Imagine yourself in a multiplex movie theater. Curiously, no walls separate the half-dozen theaters that form the multiplex. Miraculously, you are watching six different screens all at once, thoroughly understanding and enjoying every scene, word, character.
Welcome to ADHD.
[You in the Real World, be sure to click on the red underlined hyperlinks! And know these accounts are true … without exaggeration!]
Which is surprising, comments Screen Three, since most ADHD-Powered people lose time faster than an old watch.
From half a mile away, I see the manned-but-unmoving, baby-diaper-brown car stopped on a tiny spur of street. Its driver starts to pull out but, seeing me closing quickly on these icy West Virginia backroads, slaps brakes. Then, inexplicably, he guns the coughing motor once more. Engine belts protesting, long-bald tires spinning, his car finally kisses sun-soaked spots and blasts off.
Right in front of us, gasps Two.
Opting against smashing into the natural rock-and-mud wall on my right, I choose life and go left. Black ice, whistles Four. Surprise!
My buggy lurches and jerks, shifts and spits as it alternately finds dry and glassy blacktop. No longer in control of the car, I scan the rolling wreck. Its ashen-faced driver gawks once – fearfully – and stomps the gas pedal.
Amazed at the speed and duration of my own slide, I am calm until Three asks, Is that a 10-foot drop-off ahead? Replies Six, Time to bail, Black. And he counts off the feet left until my choice no longer matters.
Fifteen feet. Thick clay sucking at tires slows me. Eight feet. Could I pull this off? Three feet. Call me PlungeBob.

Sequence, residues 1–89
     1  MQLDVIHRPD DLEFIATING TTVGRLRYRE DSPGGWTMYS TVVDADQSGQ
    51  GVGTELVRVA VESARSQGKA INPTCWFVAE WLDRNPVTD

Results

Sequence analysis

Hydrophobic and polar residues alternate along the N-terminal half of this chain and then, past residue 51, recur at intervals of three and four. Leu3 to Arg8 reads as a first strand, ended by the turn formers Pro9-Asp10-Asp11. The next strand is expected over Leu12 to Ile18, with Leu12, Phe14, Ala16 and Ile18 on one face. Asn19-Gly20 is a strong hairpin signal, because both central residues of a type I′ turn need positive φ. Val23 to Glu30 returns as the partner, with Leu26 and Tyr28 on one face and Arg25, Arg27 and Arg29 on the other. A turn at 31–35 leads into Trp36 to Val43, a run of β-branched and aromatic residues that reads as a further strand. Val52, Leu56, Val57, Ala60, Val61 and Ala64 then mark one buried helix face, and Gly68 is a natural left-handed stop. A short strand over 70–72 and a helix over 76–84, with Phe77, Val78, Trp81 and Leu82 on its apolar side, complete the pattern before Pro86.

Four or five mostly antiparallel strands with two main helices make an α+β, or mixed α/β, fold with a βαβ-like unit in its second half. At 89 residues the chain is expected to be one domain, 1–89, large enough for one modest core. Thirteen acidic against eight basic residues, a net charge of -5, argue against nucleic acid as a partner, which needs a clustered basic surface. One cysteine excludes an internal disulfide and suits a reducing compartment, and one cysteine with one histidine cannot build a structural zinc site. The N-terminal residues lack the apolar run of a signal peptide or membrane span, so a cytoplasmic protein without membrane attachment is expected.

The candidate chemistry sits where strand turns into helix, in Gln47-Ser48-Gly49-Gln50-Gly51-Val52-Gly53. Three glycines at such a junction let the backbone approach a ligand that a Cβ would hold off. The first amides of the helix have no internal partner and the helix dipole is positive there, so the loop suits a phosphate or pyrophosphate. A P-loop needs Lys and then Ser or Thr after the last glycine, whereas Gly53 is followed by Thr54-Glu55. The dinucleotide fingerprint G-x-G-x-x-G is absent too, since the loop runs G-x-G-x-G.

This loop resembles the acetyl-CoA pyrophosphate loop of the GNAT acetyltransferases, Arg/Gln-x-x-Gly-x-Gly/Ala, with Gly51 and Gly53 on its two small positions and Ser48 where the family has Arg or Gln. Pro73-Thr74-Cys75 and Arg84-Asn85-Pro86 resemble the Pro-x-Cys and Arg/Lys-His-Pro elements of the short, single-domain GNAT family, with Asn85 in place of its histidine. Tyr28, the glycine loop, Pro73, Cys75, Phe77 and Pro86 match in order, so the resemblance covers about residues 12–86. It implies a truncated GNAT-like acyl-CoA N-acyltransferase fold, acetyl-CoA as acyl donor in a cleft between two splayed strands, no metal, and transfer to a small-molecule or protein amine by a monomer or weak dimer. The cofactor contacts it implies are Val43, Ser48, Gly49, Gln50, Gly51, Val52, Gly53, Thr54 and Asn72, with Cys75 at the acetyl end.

But we stop. Completely. Breath held, eyes closed, I listen. Wind whistles, metal squeaks, blood rushes. At precipice edge, we – car and human – teeter in delicate balance, slightly tipping upward, imploring Heaven; occasionally bowing down, fearing –
Hell-ooooo, Boss! snaps Six. Five minutes pass as you sit here, shaking. Hear that noise?
A car that once creaked now shifts. Not as in five-speed stickshift. As in entire car. And when did I open the door? Bitter wind swirls inside, further numbing a frozen heart. I lean back for my coat –
OK, a bit slower this time, I stretch one arm –
Silently bidding tiny car adieu, I jumpdiveleap, my inelegant motion grasping at life.
Faceplant! announces Five. Mud! I roll to my feet to watch the car’s death.
Nothing happening, says Two.
I’m, uh … well, actually a bit embarrassed, having expected flames and James Bond-type explosions. Gumbo-covered and very self-conscious, I look around to see who might be witnessing this. Impossibly, my eyes spot …
The junker is gone! barks Six. That joker will die!
I roar as the driver, certain I survived, punches pedal and takes off. But my heated rage does not defeat heavy shivers. I walk to the car, still softly rocking on the precipice edge, and look in at the back seat.
Wind so cold, so sharp, spouts Three. Coat so warm, so close.
A mighty logging truck rounds the curve, air brakes protesting as its powerful engine drops through gears. Big rig stopped, a huge man jumps out of his chuffing truck –
I notice he did not faceplant, smirks Three.
– and throws massive chains that nearly knock me down. “Wrap this ’round whatever’s secure on that little egg of yours – if anything is,” he laughs – “and I’ll pull you out.” Life-saving links secured, I give the high sign and marvel as his steel stallion escorts my unbroken yolk away from oblivion’s edge.
I thank him with a shaky but heartfelt grasp of his weathered hands. “Sure thing,” he says. “Anything else?”
In the wind, he has trouble hearing me, so he leans down and repeats my words to certify his comprehension. “Baby-diaper-brown,” he mimics. “Ramblin’ wreck. More rust than body. No plates. Hmm … could be almost everyone in these parts.” He straightens, voice and body determined. “But I run these roads often. We’ll see what we can find and try to even things up a bit.”
You in the rust bucket, growls Six, go ahead: sleep tight. The hunt is on.
* * * * *
Blackie’s Weekly Wonders